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Oct. 10 (Bloomberg) -- The rand appreciated to its strongest level in more than a week against the dollar as a new pledge to stem Europe’s debt crisis and signs of a recovery in the U.S. economy spurred demand for riskier assets.
The South African currency climbed as much as 2.1 percent to 7.8344 per dollar, the highest since Sept. 29. It traded 1.8 percent higher at 7.8576 by 3:48 p.m. in Johannesburg. Against the euro, the rand slipped 0.1 percent to 10.7015.
German Chancellor Angela Merkel and French President Nicolas Sarkozy will deliver a plan to recapitalize European banks and address the Greek debt crisis by the Nov. 3 Group of 20 summit. Goldman Sachs Group Inc. and Macroeconomic Advisers LLC raised their U.S. growth forecasts in the third quarter, after an Oct. 7 report showing a 103,000 advance in payrolls. The Standard & Poor’s GSCI index of raw materials and South Africa’s benchmark stock index advanced for a fourth day.
“The pendulum seems to have swung back in favor of improved sentiment,” Tradition Analytics strategists led by Johannesburg-based Quinten Bertenshaw wrote in e-mailed comments. “A steady rotation away from safe-haven assets should see risk assets benefit.”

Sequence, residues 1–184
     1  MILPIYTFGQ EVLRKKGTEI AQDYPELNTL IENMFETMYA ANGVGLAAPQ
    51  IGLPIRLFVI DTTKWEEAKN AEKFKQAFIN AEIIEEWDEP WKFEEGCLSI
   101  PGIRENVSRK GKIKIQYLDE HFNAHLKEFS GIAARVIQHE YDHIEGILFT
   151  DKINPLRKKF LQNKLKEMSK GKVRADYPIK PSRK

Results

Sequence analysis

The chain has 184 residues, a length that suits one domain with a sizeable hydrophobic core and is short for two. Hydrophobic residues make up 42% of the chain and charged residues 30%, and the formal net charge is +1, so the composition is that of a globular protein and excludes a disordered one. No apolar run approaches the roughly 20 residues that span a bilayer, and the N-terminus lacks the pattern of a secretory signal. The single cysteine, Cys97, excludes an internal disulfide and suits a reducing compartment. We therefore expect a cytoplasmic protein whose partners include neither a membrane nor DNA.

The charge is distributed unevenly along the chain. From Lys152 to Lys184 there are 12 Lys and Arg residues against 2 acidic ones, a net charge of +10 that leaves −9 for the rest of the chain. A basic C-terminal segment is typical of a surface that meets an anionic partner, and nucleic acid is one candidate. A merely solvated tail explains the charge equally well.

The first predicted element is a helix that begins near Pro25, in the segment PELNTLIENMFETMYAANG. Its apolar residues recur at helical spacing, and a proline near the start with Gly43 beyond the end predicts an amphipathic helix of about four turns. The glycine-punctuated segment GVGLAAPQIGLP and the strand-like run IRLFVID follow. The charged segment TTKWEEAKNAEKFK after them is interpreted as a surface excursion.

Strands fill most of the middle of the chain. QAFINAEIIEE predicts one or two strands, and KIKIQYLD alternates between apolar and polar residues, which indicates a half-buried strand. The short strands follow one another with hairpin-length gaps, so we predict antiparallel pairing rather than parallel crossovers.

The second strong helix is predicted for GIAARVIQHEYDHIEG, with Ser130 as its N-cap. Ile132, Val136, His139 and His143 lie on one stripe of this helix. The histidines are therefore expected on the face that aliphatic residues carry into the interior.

Foreign investors were net buyers of 1.65 billion rand ($210 million) of South African stocks and bonds last week, after selling 4.79 billion of securities the week before, according to JSE Ltd. data.
The rand may advance to 7.73 per dollar after breaching 7.90, the Tradition analysts wrote.
Bonds gained for a fifth day on speculation the stronger rand will reduce inflationary pressures, giving the central bank more room to cut interest rates. The yield on the 6.75 percent securities due 2021 dropped 11 basis points, or 0.11 percentage point, to 8.01 percent, the lowest since Sept. 16.
“Any firm recovery in the rand would dilute any expectation of a strong rise in inflation and trigger a rethink on the outlook for rates,” Tradition wrote. “Interest rates, inflation and growth could remain a lot softer than the market has priced in,” spurring demand for longer-term debt, they added.
--Editors: Ana Monteiro, Alex Nicholson
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